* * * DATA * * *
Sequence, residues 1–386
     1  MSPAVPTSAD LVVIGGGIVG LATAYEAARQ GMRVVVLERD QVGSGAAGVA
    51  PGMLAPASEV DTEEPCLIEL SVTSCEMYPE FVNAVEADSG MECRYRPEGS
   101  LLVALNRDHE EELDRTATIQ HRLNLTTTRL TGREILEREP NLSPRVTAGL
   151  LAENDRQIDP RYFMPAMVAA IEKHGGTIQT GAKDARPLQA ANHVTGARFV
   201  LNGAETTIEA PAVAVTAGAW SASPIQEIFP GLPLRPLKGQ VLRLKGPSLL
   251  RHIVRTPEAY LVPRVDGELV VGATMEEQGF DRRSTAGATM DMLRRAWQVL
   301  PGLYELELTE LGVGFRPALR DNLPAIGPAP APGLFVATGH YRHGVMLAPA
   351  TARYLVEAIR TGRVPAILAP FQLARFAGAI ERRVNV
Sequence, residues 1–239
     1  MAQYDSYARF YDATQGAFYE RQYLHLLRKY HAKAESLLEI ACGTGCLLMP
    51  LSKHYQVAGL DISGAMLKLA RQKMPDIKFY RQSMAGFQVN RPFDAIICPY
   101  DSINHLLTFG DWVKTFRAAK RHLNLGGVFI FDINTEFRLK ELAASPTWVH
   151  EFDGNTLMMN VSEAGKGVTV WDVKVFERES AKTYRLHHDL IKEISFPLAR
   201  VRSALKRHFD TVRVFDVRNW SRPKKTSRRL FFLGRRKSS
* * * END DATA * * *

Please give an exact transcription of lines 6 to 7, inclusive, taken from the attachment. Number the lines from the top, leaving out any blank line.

   201  LNGAETTIEA PAVAVTAGAW SASPIQEIFP GLPLRPLKGQ VLRLKGPSLL
   251  RHIVRTPEAY LVPRVDGELV VGATMEEQGF DRRSTAGATM DMLRRAWQVL